Freedom of Movement

NFHS updates how officials should handle these situations.

“I move, therefore I am.”

The words of noted Japanese author, Haruki Murakami, likely had no influence on the NFHS Rules Committee who penned the rule #10-6-12, but the governing body surely believes that freedom of movement on the basketball court is critically important to our great game, and they put forth substantive guidelines to ensure that it comes about with the start of the 2014-15 season.

Somewhere along the officiating timeline, the dial on permissible contact between between offensive and defensive players was turned up a few notches and what officials saw as illegal contact was now being filtered through the lens of “advantage-disadvantage.”

The practice of ignoring illegal defensive contact because the offensive player could hold his/her ground and be unaffected by the physical pressure, slowly but steadily, upped the ante, and skill was being stunted by strength.

NFHS Rule 10-6-12 is the new sheriff in town and he’s here to clean things up…

The guidelines of the new rule have been explained to both players and coaches, and officials have been put on notice they will be held accountable for ruling on the illegal contact, early and consistently throughout the game.

So, the defensive contact on a ball handler or dribbler that is to be ruled a foul is:

  • Placing TWO hands on the player.
  • Placing an extended arm bar on the player.
  • Placing and keeping a hand on the player.
  • Contacting the player more than once with the same hand or alternating hands.

While the defender’s torso is not specially mentioned in the new rule, you would be consistent to rule a foul on a defender who ‘rides a dribbler’ coming up the floor or who is driving to the basket, or who repeatedly ‘body bumps’ a player holding the ball.

The early feedback from coaches and players on the enforcement of Rule 10-6-12 is quite encouraging and should dampen any misgivings officials have about the new rule leading to a steady stream of disqualifications and a parade to the free throw line.

The reality is that players and coaches, by and large, are making the necessary adjustments to their style of play and game planning and they are accepting the consistent enforcement with not much complaining.

At the end of the day, coaches, players and likely spectators, want a game that allows athletic skills to flourish at both ends of the court, and not have them thwarted by illegal contact delivered with brute strength in the guise of ‘false hustle.’

Rule 10-6-12 gives the participants what they want, and the the officials the mandate to help transform the game…

This will require a collective effort from all officials across the board. What you call today may not,”echo into eternity,” but it will certainly carry over into the two teams’ next games.

Don’t make it harder for the crew that follows you and have them be subjected to the protests of coaches and players loudly proclaiming, “that wasn’t a foul in my last game!”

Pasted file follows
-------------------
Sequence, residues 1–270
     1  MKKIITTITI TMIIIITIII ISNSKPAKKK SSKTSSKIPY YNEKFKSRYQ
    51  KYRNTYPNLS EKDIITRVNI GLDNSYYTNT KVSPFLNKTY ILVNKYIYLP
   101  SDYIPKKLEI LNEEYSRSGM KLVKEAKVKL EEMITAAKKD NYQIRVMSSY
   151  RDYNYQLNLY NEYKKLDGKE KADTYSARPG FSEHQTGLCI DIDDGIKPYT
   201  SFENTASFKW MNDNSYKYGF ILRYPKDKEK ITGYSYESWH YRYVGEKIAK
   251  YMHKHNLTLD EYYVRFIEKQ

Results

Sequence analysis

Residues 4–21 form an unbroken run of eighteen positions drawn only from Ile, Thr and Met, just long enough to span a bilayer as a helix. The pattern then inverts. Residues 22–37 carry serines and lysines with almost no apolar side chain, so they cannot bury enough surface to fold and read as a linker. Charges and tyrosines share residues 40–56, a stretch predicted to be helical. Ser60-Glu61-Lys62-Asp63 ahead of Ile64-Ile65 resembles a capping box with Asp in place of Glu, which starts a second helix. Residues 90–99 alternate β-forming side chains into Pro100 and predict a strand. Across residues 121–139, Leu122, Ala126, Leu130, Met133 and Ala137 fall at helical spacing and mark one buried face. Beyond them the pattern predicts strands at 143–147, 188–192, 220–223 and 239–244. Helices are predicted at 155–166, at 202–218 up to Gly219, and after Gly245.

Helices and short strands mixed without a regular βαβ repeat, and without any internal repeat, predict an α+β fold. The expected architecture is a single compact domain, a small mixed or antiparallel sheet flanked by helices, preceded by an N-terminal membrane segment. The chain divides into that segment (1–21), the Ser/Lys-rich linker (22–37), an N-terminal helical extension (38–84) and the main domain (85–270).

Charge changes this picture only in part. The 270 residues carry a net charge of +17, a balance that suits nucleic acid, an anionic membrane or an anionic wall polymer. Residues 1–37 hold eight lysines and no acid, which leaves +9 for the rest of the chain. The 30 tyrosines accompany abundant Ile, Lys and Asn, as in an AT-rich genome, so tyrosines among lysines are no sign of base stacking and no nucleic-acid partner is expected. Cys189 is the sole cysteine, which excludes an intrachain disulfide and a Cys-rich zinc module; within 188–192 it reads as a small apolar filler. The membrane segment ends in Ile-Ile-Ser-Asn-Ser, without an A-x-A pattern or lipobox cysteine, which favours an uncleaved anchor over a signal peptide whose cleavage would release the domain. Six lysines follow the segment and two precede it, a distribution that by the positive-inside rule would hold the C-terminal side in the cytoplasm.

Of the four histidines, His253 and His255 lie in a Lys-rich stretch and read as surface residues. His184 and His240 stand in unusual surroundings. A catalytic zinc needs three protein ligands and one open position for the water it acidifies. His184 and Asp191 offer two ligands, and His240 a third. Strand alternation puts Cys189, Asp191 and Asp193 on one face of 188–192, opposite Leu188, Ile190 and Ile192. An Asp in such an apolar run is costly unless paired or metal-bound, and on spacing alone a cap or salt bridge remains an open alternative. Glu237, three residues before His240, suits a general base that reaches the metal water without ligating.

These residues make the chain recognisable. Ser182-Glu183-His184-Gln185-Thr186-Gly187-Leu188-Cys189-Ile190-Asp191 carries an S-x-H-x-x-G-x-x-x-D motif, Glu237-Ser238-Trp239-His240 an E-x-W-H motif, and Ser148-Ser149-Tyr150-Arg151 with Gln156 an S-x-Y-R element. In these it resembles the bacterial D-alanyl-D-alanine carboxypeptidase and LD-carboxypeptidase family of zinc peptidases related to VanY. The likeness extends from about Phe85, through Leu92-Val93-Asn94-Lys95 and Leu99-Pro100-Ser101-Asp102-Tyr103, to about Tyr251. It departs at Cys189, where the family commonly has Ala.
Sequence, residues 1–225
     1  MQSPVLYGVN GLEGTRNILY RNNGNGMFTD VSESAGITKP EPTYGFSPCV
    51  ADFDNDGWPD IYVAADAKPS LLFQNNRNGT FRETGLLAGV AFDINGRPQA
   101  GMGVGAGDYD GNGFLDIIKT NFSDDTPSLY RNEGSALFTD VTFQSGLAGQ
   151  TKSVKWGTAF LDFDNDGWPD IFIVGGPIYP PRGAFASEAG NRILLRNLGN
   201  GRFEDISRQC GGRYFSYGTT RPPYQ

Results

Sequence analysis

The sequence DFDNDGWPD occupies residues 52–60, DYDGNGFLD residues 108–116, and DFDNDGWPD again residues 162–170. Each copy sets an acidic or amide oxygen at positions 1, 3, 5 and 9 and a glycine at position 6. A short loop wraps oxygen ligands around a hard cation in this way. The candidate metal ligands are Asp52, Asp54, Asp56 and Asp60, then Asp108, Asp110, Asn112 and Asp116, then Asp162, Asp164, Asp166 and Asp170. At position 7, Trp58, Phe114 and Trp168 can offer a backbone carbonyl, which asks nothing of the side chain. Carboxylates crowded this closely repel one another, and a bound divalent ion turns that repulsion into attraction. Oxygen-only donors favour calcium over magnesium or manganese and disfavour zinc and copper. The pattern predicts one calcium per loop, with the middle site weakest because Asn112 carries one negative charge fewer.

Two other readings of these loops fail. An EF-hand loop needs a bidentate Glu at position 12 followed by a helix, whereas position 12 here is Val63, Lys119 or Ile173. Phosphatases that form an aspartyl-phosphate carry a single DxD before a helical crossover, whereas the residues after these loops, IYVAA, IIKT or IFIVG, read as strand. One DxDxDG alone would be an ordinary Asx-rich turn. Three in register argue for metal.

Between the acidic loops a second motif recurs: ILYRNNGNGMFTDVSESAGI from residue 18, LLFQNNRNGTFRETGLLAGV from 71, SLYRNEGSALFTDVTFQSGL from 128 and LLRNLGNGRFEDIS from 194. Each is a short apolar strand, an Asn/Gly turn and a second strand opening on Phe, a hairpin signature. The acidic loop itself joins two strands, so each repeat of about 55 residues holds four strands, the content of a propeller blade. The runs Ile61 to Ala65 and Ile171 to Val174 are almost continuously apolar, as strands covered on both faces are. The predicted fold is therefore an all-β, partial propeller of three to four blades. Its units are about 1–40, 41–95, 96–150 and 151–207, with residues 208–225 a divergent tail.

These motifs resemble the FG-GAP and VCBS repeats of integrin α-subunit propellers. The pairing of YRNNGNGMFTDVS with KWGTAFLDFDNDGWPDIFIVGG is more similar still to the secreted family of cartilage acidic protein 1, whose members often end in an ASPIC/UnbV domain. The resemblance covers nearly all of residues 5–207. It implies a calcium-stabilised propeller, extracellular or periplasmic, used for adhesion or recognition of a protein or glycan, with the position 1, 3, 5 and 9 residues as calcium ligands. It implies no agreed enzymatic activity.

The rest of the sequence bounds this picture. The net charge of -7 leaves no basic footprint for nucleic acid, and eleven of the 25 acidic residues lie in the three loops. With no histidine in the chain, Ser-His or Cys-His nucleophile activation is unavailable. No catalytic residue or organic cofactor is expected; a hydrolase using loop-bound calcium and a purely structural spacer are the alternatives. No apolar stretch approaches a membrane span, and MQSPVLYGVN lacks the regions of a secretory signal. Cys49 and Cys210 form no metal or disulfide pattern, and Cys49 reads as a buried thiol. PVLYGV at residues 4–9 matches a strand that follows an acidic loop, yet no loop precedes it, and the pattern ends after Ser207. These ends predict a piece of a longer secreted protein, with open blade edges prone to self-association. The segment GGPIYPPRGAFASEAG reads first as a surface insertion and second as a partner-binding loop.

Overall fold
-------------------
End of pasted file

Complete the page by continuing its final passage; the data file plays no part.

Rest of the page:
Making the rules is above our pay grade. We are paid to enforce the rules consistently, without injecting our personal bias on the merits of any rule changes or points of emphasis.

Embrace rule 10-6-12 and be a part of the positive change that elevates our great game.


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8 thoughts on “Freedom of Movement

  1. I believe110% on the NFHS on rule #10 -6-12, we should enforced those rules from the very beginning so the players and coaches could adjust to those rulings.

  2. Have been calling this in the pre-season and makes for a much cleaner game.
    You must remember that it goes for the offense also.
    Teams will still be getting used to it , so we have to call it from second 1 !

  3. As teams come out properly coached to avoid these 10-6-12 fouls, be ready for more RSBQ fouls, especially out top on the perimeter. Contact with the hands is being replaced with contact with the body as defenders attempt to attain LGP to thwart dribblers’ directional progress. Some of that contact will be legal, leading those who focus on the defender in the competitive matchup to call legitimate PC foul calls. Other contact will be illegal, resulting in blocking fouls.
    At least that’s what we’re discovering two games into the season.

  4. The most important sentence in this article is, “This will require a collective effort from all officials across the board.”

    In a scrimmage, I found myself calling 4-5 fouls to enforce Rule #10-6-12, while my two partners called ZERO, in spite of it being discussed during our pre-game.

    I do agree, the coaches have “bought into it”, but old (bad) habits are hard to break (for players). But they’ll catch on quick when they find themselves riding the pine in the 1st quarter with two quick ones.

  5. Better read rule 4-24 Article 3 before you fall in love with calling fouls under this “new” rule which is just hand checks gone wild. So far I have seen three baskets taken away from the offense because of calling a hand check while the offensive player is going to the basket. Rule 4-24-5 notes it is not legal to use hands that inhibit freedom of movement. If the offensive player is not inhibited by the contact, why then penalize the offensive player by taking away the basket. That’s where advantage/disadvantage comes in. Maybe the rules makers should watch some games instead of causing more interruptions in a great game so we can call “touch fouls.”

  6. It’s about time we started calling these fouls. Nothing new here. It will clean up the game. Now maybe we can start calling the jump-stop correctly instead of letting players travel right to the basket. We get that wrong 90% of the time.

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